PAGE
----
sage: from sage.crypto.public_key.blum_goldwasser import BlumGoldwasser
sage: from sage.crypto.util import bin_to_ascii
sage: bg = BlumGoldwasser()
sage: pubkey, prikey = bg.random_key(10**4, 10**6)
sage: P = "A fixed plaintext."
sage: C = bg.encrypt(P, pubkey)
sage: M = bg.decrypt(C, prikey)
sage: bin_to_ascii(flatten(M)) == P
True

If (p, q, a, b) is a private key, then n = pq is the corresponding public key. Furthermore, we have \gcd(p, q) = ap + bq = 1.

sage: p, q, a, b = prikey
sage: pubkey == p * q
True
sage: gcd(p, q) == a*p + b*q == 1
True

The class BlumGoldwasser makes use of various utility functions from the new module util. Here, we compute the ASCII integers of some binary strings:

sage: from sage.crypto.util import ascii_integer
sage: bin = BinaryStrings()
sage: B = bin.encoding("A"); B
01000001
sage: ascii_integer(B)
65
sage: B = bin.encoding("C"); list(B)
[0, 1, 0, 0, 0, 0, 1, 1]
sage: ascii_integer(list(B))
67
sage: ascii_integer("01000100")
68
sage: ascii_integer([0, 1, 0, 0, 0, 1, 0, 1])
69

Compute the binary representation of some ASCII strings:

sage: from sage.crypto.util import ascii_to_bin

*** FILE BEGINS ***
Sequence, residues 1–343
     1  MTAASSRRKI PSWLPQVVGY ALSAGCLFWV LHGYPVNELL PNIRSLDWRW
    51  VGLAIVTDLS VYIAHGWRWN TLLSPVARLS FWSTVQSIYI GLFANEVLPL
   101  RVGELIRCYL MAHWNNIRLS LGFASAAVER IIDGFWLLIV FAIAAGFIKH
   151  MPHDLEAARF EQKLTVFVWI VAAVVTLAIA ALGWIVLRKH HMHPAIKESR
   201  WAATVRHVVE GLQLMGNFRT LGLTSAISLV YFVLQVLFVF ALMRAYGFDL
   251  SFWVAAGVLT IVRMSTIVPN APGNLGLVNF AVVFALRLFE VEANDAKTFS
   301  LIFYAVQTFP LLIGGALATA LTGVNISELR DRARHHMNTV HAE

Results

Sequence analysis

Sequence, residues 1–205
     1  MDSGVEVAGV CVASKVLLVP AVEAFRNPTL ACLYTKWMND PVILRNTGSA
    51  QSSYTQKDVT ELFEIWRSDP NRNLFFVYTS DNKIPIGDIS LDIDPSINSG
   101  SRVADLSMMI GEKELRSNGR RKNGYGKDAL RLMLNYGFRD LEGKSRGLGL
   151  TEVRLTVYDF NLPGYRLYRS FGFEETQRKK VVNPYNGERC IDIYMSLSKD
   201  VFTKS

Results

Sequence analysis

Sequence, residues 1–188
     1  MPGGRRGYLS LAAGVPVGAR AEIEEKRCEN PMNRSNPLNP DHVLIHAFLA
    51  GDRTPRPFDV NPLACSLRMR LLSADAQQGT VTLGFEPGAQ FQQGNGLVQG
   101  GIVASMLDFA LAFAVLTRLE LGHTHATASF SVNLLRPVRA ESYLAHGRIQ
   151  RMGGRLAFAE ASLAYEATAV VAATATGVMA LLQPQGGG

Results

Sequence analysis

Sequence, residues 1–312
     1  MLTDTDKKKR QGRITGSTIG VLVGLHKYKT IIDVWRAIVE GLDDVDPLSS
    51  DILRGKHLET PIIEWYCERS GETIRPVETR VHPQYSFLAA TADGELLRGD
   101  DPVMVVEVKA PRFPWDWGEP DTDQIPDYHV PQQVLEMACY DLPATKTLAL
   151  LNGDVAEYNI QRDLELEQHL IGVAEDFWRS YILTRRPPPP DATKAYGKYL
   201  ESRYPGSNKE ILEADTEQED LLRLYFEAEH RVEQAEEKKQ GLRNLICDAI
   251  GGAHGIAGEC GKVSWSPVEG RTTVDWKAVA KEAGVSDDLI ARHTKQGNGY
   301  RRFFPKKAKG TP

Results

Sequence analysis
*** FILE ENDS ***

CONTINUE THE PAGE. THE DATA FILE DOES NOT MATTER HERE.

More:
sage: ascii_to_bin("A")
01000001
sage: ascii_to_bin("Abc123")
010000010110001001100011001100010011001000110011

Convert some ASCII strings to their binary representations and recover the ASCII strings from the binary representations:

sage: from sage.crypto.util import ascii_to_bin
sage: from sage.crypto.util import bin_to_ascii
sage: A = "Abc"
sage: B = ascii_to_bin(A); B
010000010110001001100011
sage: bin_to_ascii(B)
'Abc'
sage: bin_to_ascii(B) == A
True
sage: A = "123 \" #"
sage: B = ascii_to_bin(A); B
00110001001100100011001100100000001000100010000000100011
sage: bin_to_ascii(B)
'123 " #'
sage: bin_to_ascii(B) == A
True

Testing for the presence of Blum primes within some closed intervals. The interval [4, 100] has a Blum prime, the smallest such prime being 7. The interval [24, 28] has no primes, hence no Blum primes.

sage: from sage.crypto.util import has_blum_prime
sage: from sage.crypto.util import is_blum_prime
sage: has_blum_prime(4, 100)
True
sage: for n in xrange(4, 100):
...       if is_blum_prime(n):
...           print n
...           break
...
7
sage: has_blum_prime(24, 28)
False

Choose a random prime and check that it is a Blum prime:

sage: from sage.crypto.util import random_blum_prime
sage: p = random_blum_prime(10**4, 10**5)
sage: is_prime(p)
True
sage: mod(p, 4) == 3
True